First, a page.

On Reversible Markov Chains and Maximization of Directed Information

Seminar
Thursday, March 11, 2010
9:45am
ENS 637

Time reversibility plays an important role in disciplinesconcerning dynamical systems, e.g. in physics, statistical mechanics,stochastic processes, and biology. However, its use inproviding information-theoretic fundamental limits appears tobe somewhat limited. Recent developments at the intersectionof information theory and control have demonstrated howdirected information characterizes fundamentallimitations of stochastic systems with dynamics.In this talk, we connect time reversibility of Markov chainsto maximization of directed information for a classof stochastic dynamical systems. With this framework, wecharacterize the capacity of a class channels with (infinite) memoryand provide optimality "matching " conditions for sequential sequentialestimation of a random process over a communication channel withfeedback. Examples include communication over queuing timing channelsas well as Blackwell 's trapdoor (chemical) channel, along withsequential estimation within the context of decentralized control.

 

Speaker

Fellow Appointment
UIUC

Todd P. Coleman received the B.S. degrees in electrical engineering(summa cum laude), as well as computer engineering (summa cum laude)from the University of Michigan, Ann Arbor, in 2000, along with the M.S.and Ph.D. degrees in electrical engineering from the MassachusettsInstitute of Technology (MIT), Cambridge, in 2002, and 2005. During the2005-2006 academic year, he was a postdoctoral scholar at MIT andMassachusetts General Hospital in computational neuroscience. Since thefall of 2006, he has been on the faculty in the ECE Department andNeuroscience Program at UIUC.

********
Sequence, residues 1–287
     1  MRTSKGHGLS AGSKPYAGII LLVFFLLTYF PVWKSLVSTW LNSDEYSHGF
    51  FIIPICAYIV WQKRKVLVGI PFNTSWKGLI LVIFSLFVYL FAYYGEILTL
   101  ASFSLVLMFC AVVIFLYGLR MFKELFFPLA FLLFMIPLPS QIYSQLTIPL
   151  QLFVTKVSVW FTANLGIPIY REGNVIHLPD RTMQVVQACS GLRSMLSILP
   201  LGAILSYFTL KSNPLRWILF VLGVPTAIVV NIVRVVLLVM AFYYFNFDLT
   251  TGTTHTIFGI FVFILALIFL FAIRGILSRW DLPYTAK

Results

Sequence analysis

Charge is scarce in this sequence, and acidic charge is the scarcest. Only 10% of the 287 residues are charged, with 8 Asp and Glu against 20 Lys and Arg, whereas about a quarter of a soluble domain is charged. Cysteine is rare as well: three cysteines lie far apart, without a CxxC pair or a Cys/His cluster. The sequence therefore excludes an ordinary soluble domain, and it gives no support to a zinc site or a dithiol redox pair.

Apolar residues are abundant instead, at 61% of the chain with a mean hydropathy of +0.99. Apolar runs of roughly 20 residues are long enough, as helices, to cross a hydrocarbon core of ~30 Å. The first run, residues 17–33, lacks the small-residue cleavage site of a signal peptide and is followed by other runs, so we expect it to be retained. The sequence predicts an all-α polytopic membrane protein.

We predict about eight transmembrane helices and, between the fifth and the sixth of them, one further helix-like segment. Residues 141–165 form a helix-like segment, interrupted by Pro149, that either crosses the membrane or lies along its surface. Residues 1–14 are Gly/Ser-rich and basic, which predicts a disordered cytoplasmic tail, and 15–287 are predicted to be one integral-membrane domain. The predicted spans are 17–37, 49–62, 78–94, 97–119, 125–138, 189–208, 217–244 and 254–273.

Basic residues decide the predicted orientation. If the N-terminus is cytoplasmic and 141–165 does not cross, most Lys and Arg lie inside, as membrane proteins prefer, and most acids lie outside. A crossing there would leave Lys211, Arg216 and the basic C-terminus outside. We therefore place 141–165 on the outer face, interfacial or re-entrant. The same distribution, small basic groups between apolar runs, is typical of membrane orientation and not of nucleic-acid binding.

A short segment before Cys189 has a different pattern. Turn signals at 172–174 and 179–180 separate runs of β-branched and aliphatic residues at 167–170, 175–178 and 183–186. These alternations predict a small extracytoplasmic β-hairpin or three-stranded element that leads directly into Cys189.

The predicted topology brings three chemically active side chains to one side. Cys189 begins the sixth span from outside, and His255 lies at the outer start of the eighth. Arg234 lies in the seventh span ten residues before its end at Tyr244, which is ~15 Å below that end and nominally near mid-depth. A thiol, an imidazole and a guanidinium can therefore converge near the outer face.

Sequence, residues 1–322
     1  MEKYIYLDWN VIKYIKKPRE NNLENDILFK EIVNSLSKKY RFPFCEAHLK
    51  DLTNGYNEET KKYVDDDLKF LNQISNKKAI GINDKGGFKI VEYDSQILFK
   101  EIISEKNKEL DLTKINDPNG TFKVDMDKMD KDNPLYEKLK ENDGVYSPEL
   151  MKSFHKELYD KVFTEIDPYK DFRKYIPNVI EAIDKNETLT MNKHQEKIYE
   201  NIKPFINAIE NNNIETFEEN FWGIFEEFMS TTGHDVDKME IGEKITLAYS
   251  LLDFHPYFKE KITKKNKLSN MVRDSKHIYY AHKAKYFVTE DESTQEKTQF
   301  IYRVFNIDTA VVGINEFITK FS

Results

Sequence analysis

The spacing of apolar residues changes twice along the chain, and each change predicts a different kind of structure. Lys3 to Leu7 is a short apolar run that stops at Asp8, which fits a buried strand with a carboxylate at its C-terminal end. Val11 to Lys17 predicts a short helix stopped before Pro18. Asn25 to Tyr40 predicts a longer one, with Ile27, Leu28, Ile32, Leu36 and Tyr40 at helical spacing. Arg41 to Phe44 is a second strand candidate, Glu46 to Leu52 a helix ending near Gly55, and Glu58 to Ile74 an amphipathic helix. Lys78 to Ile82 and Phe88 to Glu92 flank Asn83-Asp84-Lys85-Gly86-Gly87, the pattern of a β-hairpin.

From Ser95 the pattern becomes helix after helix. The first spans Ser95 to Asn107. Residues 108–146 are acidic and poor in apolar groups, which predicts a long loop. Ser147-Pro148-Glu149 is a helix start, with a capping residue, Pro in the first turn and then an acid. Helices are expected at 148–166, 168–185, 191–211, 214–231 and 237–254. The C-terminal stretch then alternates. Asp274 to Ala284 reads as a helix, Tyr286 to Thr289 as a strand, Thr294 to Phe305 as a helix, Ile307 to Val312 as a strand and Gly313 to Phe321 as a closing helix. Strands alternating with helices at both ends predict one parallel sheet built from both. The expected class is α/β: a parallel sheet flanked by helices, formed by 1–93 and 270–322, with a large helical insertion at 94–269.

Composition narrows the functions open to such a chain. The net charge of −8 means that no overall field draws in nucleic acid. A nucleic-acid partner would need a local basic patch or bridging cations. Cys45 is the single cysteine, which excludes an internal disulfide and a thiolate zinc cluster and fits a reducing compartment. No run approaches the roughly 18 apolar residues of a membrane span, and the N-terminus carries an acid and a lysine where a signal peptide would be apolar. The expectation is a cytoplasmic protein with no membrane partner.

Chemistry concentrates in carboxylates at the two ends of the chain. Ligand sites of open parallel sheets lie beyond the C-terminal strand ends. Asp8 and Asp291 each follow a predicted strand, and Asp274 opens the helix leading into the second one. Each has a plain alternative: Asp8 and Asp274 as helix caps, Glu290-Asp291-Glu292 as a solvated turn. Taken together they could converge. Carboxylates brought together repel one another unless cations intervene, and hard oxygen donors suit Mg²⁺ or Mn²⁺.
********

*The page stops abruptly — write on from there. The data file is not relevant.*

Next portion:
His research interests include information theory, operations research,and computational neuroscience. Dr. Coleman, a National ScienceFoundation Graduate Research Fellowship recipient, was awarded theUniversity of Michigan College of Engineering's Hugh Rumler Senior ClassPrize in 1999 and was awarded the MIT EECS Department's Morris J. LevinAward for Best Masterworks Oral Thesis Presentation in 2002. In Fall2008, he was a co-recipient of the University of Illinois College of Engineering's Grainger Award in Emerging Technologies for development ofa novel, practical timing-based technology. Beginning Fall 2009, Colemanhas served as a co-Principal Investigator on an NSF IGERTinterdisciplinary training grant for graduate students, titled "Neuro-engineering: A Unified Educational Program for SystemsEngineering and Neuroscience ". Coleman also has been serving on the DARPA ISAT study group for a 3-year term, beginning Fall 2009. Recently he has been selected for a Fellow appointment with the University o fIllinois Center for Advanced Study (CAS) for the 2010-2011 academicyear, pending approval of the Board of Trustees.